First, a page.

According to those interviewed by the DC Appleseed Project Team, the quality of committee reports that accompany legislation vary greatly not only from committee to committee, but among reports prepared by the same committee. Most often, the section-by-section analysis portion of the report is merely a recitation often verbatim of the legislative language. Rarely does it truly explain the substance or policy goals of the proposed legislation. The "impact on existing law" portion of the report is frequently limited to a listing of the laws that are amended by the legislation and a generalized description of the changes being made. The statement of the legislation's purpose and effect rarely provides an exposition of the history of an issue, alternatives considered or tried, or a concise rationale of the need for and intent of the legislation. Too often, this portion of the report simply asserts without supporting evidence several conclusions favoring enactment of the legislation.
The Council can improve the quality of legislation and legislative reports by having a greater amount of legislation drafted in the first instance by staff in the General Counsel's office.. DC Appleseed recommends an increase of two FTE positions in the General Counsel's office to provide additional drafting assistance.
By centralizing staff, the Council can increase staff specialization, which should improve the efficiency of the Council's legislative drafting, fiscal, and oversight functions. Under the current system, a Council member who wishes to pursue an initiative that is not favored by the chair of the relevant committee will generally have two choices: abandon the issue, or have his or her individual staff conduct the research, regardless of whether the staff has the relevant expertise. On the other hand, under a centralized staff model, research on a given issue would be assigned to the staff member or members with the greatest expertise in that issue area, regardless of which Council member initiated the request. The staff will be likely to have the basic understanding needed to research and analyze the issue and thereby provide a soundly-based response in a shorter period of time.
Moreover, a centralized staff structure would foster greater efficiency when two Council members are interested in related issues that arise in different committees' subject areas. For example, if the Council is simultaneously considering oversight of contracts let to repair public school buildings and contracts let to repair other government-owned buildings, a single central staff member may be best suited to handle both inquiries. Indeed, a central policy staff would be expected to have at least one person well versed in government contract law, and, perhaps, someone with expertise in building renovation as well (a person with an engineering background would likely be a member of the policy analysis staff). Under the current committee-based staffing system, public school oversight is handled by staff for the Committee on Education, Libraries, and Recreation, while the oversight of repairs to other District buildings would likely be handled by staff of either the Committee on Public Works and the Environment or the Committee on Government Operations. Because these committee staff work for different members, and are physically located in different offices, it is unlikely that staff of one committee would coordinate its work program with the work of the other committee. A centralized staff structure would help minimize such inefficiencies.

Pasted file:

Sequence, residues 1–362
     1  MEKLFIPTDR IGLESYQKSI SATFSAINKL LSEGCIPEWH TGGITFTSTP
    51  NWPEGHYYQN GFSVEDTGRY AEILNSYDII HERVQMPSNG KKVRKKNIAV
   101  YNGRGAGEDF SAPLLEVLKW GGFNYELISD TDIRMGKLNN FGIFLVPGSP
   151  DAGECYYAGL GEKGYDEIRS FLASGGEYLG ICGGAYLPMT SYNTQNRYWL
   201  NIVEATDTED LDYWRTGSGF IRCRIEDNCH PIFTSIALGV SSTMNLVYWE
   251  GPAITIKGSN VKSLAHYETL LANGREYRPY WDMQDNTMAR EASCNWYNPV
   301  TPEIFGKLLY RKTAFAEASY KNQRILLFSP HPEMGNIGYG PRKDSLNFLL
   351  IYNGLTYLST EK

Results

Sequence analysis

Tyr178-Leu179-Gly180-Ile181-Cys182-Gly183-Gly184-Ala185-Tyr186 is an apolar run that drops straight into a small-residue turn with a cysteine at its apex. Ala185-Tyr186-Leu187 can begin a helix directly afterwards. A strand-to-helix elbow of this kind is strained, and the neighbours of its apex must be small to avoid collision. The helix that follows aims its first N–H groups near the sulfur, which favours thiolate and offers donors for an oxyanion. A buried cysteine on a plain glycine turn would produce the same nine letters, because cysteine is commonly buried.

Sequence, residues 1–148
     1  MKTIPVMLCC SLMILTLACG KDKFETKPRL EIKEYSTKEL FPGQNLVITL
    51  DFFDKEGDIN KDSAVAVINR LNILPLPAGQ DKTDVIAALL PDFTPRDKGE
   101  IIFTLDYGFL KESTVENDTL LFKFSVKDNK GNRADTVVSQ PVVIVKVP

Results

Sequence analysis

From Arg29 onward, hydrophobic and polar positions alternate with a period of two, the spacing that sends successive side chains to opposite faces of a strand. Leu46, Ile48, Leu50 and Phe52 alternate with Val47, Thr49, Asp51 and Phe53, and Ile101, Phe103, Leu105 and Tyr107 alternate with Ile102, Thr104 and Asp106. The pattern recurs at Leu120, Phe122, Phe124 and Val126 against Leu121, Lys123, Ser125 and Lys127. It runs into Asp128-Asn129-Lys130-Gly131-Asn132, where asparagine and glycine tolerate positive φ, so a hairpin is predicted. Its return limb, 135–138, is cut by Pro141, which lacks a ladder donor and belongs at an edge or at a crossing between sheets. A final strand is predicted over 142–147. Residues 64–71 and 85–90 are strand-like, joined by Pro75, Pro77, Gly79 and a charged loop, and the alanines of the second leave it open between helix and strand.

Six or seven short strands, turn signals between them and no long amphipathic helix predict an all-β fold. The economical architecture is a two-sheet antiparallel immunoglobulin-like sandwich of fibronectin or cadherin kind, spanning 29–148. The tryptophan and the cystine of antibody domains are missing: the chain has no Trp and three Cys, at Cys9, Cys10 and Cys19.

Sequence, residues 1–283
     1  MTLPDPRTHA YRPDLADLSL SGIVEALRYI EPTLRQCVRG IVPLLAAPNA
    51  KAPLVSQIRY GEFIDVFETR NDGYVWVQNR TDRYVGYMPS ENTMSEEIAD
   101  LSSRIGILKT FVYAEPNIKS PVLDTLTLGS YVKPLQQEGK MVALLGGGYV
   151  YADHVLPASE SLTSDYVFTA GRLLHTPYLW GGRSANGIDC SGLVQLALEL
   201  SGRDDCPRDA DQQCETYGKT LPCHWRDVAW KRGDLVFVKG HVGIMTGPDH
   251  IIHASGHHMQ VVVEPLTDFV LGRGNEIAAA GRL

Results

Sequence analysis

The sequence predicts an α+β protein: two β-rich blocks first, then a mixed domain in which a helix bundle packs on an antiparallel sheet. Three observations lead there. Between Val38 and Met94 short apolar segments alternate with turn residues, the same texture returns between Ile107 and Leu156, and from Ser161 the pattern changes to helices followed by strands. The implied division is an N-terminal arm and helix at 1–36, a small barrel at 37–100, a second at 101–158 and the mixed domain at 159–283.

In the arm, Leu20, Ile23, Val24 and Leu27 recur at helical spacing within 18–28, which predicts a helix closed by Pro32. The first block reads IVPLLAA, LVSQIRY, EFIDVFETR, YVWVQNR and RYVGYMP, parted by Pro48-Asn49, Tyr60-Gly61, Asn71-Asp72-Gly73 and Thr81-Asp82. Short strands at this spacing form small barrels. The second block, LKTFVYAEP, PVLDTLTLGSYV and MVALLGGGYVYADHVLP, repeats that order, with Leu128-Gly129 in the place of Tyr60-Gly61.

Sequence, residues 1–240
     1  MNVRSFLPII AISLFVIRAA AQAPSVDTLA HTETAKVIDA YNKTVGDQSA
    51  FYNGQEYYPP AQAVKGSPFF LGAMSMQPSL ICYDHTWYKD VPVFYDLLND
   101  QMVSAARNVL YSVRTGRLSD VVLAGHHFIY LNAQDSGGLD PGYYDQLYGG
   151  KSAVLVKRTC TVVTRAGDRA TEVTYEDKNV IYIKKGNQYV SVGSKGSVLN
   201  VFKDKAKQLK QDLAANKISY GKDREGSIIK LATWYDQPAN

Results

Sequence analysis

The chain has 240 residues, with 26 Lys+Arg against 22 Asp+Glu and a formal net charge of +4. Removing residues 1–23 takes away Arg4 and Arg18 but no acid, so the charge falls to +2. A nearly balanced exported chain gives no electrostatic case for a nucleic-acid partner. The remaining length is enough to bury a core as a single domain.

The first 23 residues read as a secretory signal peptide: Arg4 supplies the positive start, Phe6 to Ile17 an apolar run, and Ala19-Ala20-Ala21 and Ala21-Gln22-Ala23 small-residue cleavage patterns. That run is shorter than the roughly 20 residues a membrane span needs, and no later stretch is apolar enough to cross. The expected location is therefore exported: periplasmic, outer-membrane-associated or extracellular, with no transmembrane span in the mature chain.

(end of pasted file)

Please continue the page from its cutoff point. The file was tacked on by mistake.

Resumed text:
The current staffing structure inhibits the Council's ability to meet certain responsibilities in a coherent manner. For example, consideration and analysis of the Mayor's annual budget proposal is fragmented among the staffs of all of the committees. Such a system hinders the Council's ability to analyze tradeoffs between programs assigned to different committees, such as whether the level of funding for human services should be increased or decreased in relation to the budget for public works. Instead, the current system encourages tradeoffs within the programs under the jurisdiction of a single committee, such as whether increased residential trash collection should be funded through a reduction in road repair. Because the vast majority of staff members who analyze the various sections of the budget report to individual committee chairs, there is very limited centralized information and advice on which the Council can draw as it attempts to consider the budget as a coherent whole.20
Under a centralized staffing system, on the other hand, budget analysis would be performed by a staff accessible to every Council member on an equal basis. Council members would have access to the expertise necessary to understand not only the areas of the budget within the jurisdiction of the committee they may chair, but also other areas of the budget that may be of concern or interest to the member. Centralization of budget information and analysis will enable the Council to consider the budget holistically.
Similarly, a centralized staffing structure will provide Council members access to professional oversight and policy staff who, collectively, would have broad knowledge of legislative issues. As a result, each Council member will be able to gain a better understanding of legislation outside of the purview of his or her own committee. Such understanding should serve to improve the Council's ability to consider government operations in a comprehensive manner.
6. Provide Sound Management and Planning of the Legislative Work Program and Agenda